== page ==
Tuesday, October 11, 2011

Occupy Wall Street!

Today we share a guest post from Ann Holder, a friend of ours who celebrated Yom Kippur down on Wall Street and was touched by the commons spirit of the service and the crowds:

Easily 600 people celebrated the Kol Nidre in the plaza across from Zuccotti Park last night. I’m not a religious person, having already received a severe overdose of Christianity, and neither is my secular Jewish GF (who usually has a small identity crisis at the High Holy days).

But both of us were incredibly moved by this very public ritual of remembrance and atonement, the words of being born anew to move forward without the baggage of regrets or resentments from the past, in the context of this hopeful seizure of the Park, and the outpouring of both righteous anger and goodwill that have accompanied it.

The occupied park—as usual—had a host of activities going on: musicians jamming, people holding signs to be seen by the passing traffic and media, a group cooking, clusters of people talking. As seems to be the case in general, the Info Desk was very helpful and organized, directing traffic, needs, appeals in all directions. They sent us across the street to the Plaza, where five or six headlamp-wearing rabbis were surrounded by an enormous crowd.

Like the flavor of Occupy Wall Street itself, the Yom Kippur service was an immensely joyous and forgiving—if very talkative—circle of humanity. Surrounded by huge office buildings, no one complained about the noise, or the crowds, or the close quarters, or the occasional disruption as bursts of cheering wafted from the Park across the street. The Rabbis and Cantor competed with the roar of traffic, the rumble of generators from the food trucks that are now stationed next to the occupation 24/7. The occasional sound of a blender frothing a fruit drink, or the banging of massive garbage carts being used for Occupation Sanitation provided a fairly steady backdrop, along with the queries of passers-by who stopped to ask what was going on.

No amplification was allowed, so the entire service was done in a kind of call and response, with the inner circle shouting a repetition of rabbis’ words in unison so all could hear. Ritual phrases repeated by hundreds, echoed through the plaza, alternating with “Here’s what we’re going to do now,” or “Turn to page 32, 334 or 331,” the latter of course depending on the various versions of the machzor in use. People shared xeroxed copies, or dialed it up on IPads and smart phones.

The crowd was made up largely of PWC’s, people without children, which meant it was largely the very young adults and then elders like us. There were lots and lots of ‘older people,’ whatever that means these days, many who had brought their own chairs.

To our eyes, it looked like an exceptionally mainstream crowd considering that the Facebook invite had warned, “there may be disruptions and/or the possibility of police interference. Though it is highly unlikely, participants nonetheless risk the possibility of arrest. Please be prepared for that possibility.” It was largely white, though not entirely, and very, well, Jewish—as in lots of prayer shawls, yarmulkes, hardback copies of the service in tow.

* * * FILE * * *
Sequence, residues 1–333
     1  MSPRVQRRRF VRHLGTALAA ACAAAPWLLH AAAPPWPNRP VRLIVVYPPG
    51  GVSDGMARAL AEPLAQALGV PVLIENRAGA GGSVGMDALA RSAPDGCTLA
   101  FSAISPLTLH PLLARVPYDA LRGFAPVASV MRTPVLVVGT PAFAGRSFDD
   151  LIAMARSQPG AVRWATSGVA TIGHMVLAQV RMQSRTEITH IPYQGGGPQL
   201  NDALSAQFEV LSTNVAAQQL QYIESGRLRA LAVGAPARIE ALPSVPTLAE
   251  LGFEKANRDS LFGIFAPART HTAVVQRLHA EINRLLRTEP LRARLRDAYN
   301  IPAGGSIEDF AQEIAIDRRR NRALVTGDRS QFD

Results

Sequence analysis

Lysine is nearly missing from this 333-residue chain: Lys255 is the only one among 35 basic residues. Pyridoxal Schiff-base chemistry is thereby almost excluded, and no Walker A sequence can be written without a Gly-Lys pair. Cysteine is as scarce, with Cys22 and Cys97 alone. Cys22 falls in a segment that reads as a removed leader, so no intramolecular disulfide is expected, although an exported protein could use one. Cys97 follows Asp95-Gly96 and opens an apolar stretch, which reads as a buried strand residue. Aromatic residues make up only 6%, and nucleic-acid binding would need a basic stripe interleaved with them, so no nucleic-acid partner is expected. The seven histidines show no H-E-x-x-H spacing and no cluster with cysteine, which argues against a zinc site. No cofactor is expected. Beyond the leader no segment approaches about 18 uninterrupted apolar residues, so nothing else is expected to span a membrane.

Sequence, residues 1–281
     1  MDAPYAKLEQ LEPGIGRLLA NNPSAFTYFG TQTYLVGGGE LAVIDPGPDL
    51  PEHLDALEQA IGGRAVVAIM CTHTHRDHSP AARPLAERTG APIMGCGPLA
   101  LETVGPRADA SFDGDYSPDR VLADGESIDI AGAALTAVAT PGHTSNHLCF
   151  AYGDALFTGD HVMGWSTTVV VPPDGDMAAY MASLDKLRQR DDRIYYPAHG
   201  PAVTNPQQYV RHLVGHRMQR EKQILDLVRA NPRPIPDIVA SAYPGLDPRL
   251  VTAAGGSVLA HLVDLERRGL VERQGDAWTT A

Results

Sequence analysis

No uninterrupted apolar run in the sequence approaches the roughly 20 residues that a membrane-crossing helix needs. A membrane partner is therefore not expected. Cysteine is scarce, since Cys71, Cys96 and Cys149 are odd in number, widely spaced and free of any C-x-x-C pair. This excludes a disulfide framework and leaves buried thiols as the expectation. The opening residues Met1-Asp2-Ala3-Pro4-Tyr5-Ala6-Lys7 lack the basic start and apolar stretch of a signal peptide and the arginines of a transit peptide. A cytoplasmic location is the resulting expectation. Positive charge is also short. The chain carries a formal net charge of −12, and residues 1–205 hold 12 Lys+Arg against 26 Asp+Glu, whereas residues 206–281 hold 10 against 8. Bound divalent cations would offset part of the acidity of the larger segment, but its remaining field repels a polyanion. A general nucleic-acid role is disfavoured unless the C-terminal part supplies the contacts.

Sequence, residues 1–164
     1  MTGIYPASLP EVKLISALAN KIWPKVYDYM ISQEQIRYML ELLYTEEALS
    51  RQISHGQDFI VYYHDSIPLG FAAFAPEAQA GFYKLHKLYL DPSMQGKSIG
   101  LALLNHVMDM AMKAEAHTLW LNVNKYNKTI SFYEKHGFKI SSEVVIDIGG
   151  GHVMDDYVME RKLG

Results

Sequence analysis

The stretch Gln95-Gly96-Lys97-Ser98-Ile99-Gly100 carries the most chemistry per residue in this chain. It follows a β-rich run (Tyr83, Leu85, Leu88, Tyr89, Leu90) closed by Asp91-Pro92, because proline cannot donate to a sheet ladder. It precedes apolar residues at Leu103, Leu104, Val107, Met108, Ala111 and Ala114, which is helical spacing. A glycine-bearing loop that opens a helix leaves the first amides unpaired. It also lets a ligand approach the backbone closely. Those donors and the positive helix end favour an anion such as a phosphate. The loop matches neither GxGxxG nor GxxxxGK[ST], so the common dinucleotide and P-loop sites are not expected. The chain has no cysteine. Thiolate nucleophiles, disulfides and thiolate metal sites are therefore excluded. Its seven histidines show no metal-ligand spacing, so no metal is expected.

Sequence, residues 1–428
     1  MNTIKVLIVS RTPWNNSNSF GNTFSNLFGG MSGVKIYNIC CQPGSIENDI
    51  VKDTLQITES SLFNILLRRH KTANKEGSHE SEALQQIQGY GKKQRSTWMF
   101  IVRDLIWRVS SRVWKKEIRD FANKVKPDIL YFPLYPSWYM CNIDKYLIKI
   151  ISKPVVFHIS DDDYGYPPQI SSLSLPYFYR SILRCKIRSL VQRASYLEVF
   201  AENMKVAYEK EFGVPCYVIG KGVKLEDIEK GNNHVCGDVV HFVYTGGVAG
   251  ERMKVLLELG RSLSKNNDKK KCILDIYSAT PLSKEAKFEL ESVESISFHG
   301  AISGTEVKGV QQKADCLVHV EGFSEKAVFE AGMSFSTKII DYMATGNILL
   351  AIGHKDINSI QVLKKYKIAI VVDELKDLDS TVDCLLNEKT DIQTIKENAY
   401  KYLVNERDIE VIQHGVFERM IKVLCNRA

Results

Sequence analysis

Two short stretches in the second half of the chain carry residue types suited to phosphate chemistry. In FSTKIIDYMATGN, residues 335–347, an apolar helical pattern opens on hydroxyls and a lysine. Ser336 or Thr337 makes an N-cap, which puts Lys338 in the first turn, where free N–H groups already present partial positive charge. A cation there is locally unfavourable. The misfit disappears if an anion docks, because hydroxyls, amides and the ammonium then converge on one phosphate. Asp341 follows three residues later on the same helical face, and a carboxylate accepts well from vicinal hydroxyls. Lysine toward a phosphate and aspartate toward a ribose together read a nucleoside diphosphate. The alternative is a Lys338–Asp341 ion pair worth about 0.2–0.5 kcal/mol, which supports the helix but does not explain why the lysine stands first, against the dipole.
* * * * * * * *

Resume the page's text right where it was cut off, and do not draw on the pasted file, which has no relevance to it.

The most interesting provocation was the public character of the event.

We left awed and wondering: What would it mean to do more of these kinds of things ‘in public’? Religious services, rituals, celebrations, classrooms—or even a variety of ordinary activities and conversations, all made available for respectful viewing or participating?

(And here I reference the number of people walking by, who had no idea what was going on, and seemed puzzled by the explanations, but who stayed to watch, and listen, with great interest and attention.)

It is this ‘new public’ that is one of the most hopeful and appealing aspects of the Occupation as it heads toward a fair weather weekend. The handmade signs continue to proliferate. Including, “Beware of Dogmatism.” There is now an informal sign gallery, where people leave their signs for display and re-use. Every kind of topic, lettering, color, idea, complaint—all different—mostly on brown cardboard.

Waiting in line at McDonalds, one of the only public bathrooms in the area, I met a young African-American woman carrying her sign. I asked if she was occupying. “Oh yes,” she said. I asked about staying over night. “No” she demurred, “I’m a high school student in Brooklyn. I come down here everyday after school, around 3:00.”

“How’s the homework going?” I asked.

She laughed and said, “pretty well,” adding, “Actually, that’s mostly what I do—sit and pull out my computer and write my homework.”

People are talking, learning to live in close quarters, in far from optimal conditions, to depend on each other, to enjoy the realm of the non-commercially social.

As we walked to the subway after the service, we passed a small group of young people talking excitedly and carrying their backpacks and bedrolls heading towards the park. With the warm weather, the growing crowds and the release of our regrets, anything seemed possible.

Unfortunately, the city/state/police will close this down as soon as they can figure out how. Note headline in the NY Times this morning: “Neighbors are Weary of Protest”

[Apparently the Park is privately owned by a developer who was mandated to build this sliver of ‘public space,’ and keep it open 24/7, as part of agreement with the city. The irony of this privately held public space offers a sanctuary of sorts.]

Wishes/Needs: We’d love to see a solidarity campaign emerge. A ‘Support Occupy Wall St. movement,’ with some strategizing about how to continue to maximize the PUBLIC character of this protest, and a mechanism for calling out a protective ring of civil disobedience when the moment comes for ‘clearing the square.’

Is any such thing in the works? Anybody know? Any ideas?

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